For the first time in its 103-year existence, Faraway was a stop on the Key Peninsula Farm Tour. We were one of 13 farms to open our doors to the people of Key Peninsula and beyond—to showcase the craftsmanship, creativity, knowledge, skills and tenacity that have been a part of the KP’s rich farming history for over a century.
It all started when we were considering buying Faraway in the summer 0f 2016. I’m a licensed broker and found the real estate listing on the MLS (Multiple Listing Service) website. I knew a little about Longbranch from what I had read online after seeing the listing, but my husband and I had never spent any time on the Key Peninsula. Before we purchased this rundown property, I wanted to do a bit more homework on the area.
Where did I go for information? Straight to Google.
I searched “Key Peninsula” and “Longbranch” and was so happy to discover the longest-running farm tour in Pierce County was based locally: the Key Peninsula Farm Tour.
In September 2016, when we had only owned Faraway for a month, I decided to host a “post-farm tour” potluck for 30 or so of our friends and new neighbors. I was so intrigued with the farm tour that if I couldn’t be on it, I wanted to somehow be a part of it.
Looking back, I must have been crazy! The house was still littered with shabby leftover furniture and dishes, and the rug in the dining room was stained and patched with duct tape.
In the first couple of weeks, I had to literally rake the carpets before vacuuming them, because you can’t vacuum up pine cones and trash. I had scrubbed walls and drawers and cleaned out cupboards and washed a zillion dishes, but it was still pretty sad, inside and outside the house.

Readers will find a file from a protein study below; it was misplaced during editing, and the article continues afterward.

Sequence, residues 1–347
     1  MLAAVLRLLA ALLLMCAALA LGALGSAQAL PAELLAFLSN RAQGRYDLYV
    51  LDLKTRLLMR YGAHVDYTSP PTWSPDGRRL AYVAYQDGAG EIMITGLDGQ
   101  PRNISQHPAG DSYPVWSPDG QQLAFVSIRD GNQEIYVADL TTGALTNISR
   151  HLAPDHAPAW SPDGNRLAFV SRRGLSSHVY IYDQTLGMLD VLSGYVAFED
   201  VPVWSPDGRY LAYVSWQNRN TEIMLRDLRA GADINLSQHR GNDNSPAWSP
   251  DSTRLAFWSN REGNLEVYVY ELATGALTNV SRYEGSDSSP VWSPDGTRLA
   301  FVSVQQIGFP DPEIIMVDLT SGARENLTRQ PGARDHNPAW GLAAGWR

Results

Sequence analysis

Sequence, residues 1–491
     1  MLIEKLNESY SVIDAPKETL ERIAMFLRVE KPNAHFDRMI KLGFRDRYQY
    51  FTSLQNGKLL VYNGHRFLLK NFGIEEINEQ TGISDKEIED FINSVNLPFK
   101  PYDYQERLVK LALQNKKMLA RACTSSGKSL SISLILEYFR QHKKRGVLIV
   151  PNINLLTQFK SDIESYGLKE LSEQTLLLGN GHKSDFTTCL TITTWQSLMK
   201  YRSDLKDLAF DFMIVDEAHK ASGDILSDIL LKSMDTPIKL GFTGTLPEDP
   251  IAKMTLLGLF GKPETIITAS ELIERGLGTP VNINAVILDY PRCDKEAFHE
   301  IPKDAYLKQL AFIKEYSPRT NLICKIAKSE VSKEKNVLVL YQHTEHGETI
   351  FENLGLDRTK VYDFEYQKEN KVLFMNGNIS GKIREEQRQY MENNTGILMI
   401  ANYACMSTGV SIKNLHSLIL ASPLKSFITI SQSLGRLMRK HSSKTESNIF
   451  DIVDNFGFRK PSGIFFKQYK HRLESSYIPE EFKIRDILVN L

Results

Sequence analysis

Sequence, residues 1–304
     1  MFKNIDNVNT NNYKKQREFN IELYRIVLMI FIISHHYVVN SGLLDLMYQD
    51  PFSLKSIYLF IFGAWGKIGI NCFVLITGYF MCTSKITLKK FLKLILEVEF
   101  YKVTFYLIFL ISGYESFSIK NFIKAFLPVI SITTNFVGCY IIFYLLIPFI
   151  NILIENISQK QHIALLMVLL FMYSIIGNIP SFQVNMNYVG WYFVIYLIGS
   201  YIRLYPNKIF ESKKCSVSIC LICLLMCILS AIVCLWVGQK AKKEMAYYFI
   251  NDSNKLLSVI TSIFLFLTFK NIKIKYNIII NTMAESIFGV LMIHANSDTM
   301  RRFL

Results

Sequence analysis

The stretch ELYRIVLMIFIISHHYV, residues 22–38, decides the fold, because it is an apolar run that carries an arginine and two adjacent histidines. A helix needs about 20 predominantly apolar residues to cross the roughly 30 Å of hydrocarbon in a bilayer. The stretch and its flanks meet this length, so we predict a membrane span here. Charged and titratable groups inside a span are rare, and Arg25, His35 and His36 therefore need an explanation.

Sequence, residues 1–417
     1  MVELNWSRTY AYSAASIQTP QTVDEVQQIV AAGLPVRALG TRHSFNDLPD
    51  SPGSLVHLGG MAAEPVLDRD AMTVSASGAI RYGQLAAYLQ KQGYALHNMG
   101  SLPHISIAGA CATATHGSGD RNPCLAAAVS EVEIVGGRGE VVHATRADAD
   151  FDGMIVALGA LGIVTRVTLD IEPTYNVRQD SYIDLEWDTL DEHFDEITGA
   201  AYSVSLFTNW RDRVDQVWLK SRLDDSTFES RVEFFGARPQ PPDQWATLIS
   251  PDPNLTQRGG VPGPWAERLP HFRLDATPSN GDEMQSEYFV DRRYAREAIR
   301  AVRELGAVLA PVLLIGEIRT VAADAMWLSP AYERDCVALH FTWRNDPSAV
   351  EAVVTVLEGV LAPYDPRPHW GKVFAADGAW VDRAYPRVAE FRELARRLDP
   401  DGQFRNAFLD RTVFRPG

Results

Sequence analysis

During the potluck, I told several people, “Next year, I am going to be on that farm tour,” and I was always met with the same blank expression. Then whomever I was talking to would look around at the dying gardens, the rotting wood, the broken windows and peeling paint. The blackberry vines covering acres of the property and sneaking their way into windows and cracks in the walls. The crumbling ceilings and broken gutters creating small ponds along the sidewalks.
Fast forward one year later: I achieved my goal of being on the Key Peninsula Farm Tour, although I didn’t submit an application to be a “participating site” until July 24. So 10 short weeks and a lot of hustle later, we opened our gates to hundreds of people.
What a day!
Gorgeous weather, happy vendors, smiling musicians. I was pleasantly shocked by how many people showed up for our first stop on the farm tour. So many hugs, so many people running into each other for the first time in years.
We offered unique plants, homemade soap, organic and ethically raised meat, make-and-take crafts for kids and feed samples from our favorite local feed store.
Fresh Food Revolution Co-Op had fresh produce for sale and Gnosh food truck was here too. If you brought apples and a container, Hans from QBerry Farm sent you home with your own fresh cider. If not, he had grapes and gave samples of grape juice.
My next-door neighbor Connie Hildahl was on hand to answer questions and sign copies of her beautiful photo-filled book, “Echoes of Faraway.” Her display was like a step back in time, set up with newspaper clippings, photos and memorabilia that kept people interested and asking questions all day long.
We answered other questions about Faraway at our information booth, and there were raffle prizes awarded to a handful of the lucky people who filled out comment cards before leaving.
Tim Kezele, who has worked his "Longbranch Tree & Shrub Care" magic for three different owners over the past 40 years (including us) led tours down the 200-foot-long, covered pergola. I don’t think he had time for more than a bite of his breakfast burrito.
The crowds showed up at 9:50 and were still walking down the pergola at 4:30, a half hour after the farm tour closed and while vendors were loading up their trucks and leaving. I actually had to ask people to leave so I could finally let my dogs out of the house.
That night, after everyone left, Tweed Meyer and I had a glass of wine and started reading comment cards, and over and over the words from the community filled my heart to bursting.
My favorite comment might have been, “My favorite part (about today at Faraway) was everything.”
Brook Hurst Stephens lives in Longbranch. She can be reached at HistoricFaraway@gmail.com and you can follow the property’s daily progress at Historic Faraway on Facebook.
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